posted on Nov, 18 2004 @ 08:56 AM
A major argument used by sceptics of global warming is flawed, a UK Met Office study in Nature magazine says.
This argument maintains that much recorded climate data is inherently unreliable because of where weather instruments are situated.
Most are in or near cities, which produce their own heat; so the rapid warming measured over the last century could be just a record of urbanisation.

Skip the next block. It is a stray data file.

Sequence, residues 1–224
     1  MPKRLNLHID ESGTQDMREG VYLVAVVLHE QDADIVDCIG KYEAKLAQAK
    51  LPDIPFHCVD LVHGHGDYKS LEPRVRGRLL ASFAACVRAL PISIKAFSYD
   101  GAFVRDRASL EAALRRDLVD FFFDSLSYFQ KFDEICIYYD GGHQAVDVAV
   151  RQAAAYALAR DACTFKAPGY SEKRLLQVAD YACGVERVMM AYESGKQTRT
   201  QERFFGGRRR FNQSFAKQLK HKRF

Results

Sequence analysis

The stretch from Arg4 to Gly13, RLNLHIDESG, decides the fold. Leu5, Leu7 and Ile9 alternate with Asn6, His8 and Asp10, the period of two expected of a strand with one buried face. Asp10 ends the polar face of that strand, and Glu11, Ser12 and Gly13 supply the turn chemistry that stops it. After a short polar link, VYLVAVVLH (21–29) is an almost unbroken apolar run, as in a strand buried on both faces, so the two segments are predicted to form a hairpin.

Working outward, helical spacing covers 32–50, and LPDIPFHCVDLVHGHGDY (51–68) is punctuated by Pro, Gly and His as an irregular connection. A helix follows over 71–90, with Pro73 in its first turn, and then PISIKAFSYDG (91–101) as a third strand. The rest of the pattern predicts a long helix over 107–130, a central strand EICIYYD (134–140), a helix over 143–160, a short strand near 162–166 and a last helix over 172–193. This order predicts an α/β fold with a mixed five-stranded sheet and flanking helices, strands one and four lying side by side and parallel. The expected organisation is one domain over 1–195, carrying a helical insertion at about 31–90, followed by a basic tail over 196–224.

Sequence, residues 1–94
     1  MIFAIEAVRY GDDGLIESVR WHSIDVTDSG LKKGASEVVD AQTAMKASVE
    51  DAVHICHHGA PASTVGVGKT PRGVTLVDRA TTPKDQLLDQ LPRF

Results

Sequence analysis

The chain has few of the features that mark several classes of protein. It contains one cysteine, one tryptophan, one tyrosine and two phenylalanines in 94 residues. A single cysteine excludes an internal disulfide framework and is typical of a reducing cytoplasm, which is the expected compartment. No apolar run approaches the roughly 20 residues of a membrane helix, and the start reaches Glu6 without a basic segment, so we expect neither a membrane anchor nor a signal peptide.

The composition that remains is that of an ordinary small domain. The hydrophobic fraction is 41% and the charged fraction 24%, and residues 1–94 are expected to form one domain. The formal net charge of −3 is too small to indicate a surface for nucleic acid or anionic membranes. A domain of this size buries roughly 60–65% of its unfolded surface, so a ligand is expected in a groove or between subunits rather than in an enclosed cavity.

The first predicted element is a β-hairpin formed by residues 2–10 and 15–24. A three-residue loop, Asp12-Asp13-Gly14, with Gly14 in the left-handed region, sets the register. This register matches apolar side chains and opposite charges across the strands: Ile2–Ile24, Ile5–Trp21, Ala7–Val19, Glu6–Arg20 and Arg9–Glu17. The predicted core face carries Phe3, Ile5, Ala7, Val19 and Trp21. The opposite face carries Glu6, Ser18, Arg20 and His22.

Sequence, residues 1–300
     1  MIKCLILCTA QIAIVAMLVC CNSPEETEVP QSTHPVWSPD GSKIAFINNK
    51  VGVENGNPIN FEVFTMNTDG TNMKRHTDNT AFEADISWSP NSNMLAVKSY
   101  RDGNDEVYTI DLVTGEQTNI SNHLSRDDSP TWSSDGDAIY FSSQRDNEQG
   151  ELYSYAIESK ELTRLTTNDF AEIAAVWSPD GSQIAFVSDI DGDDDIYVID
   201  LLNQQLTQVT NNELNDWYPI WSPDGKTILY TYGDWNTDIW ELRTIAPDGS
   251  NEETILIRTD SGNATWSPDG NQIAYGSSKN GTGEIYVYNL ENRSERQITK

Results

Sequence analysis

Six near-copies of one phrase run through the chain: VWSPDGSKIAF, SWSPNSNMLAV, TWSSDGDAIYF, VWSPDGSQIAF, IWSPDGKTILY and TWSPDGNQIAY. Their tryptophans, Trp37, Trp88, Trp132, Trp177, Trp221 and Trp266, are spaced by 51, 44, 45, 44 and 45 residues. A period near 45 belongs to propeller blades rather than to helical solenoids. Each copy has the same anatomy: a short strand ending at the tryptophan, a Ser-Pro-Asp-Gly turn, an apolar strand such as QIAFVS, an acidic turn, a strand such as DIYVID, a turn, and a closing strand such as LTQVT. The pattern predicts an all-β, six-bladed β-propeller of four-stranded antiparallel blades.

The Met Office believes its study shows this "urban heat island" idea is wrong.
The analysis has been done by Dr David Parker. He used data for the last 50 years to create two separate graphs. One plots temperatures observed on
calm nights, the other on windy nights.
If the urban heat island hypothesis is correct, he says, instruments should have recorded a bigger temperature rise for calm nights than for windy
ones - because wind blows excess heat away from cities and away from the measuring instruments.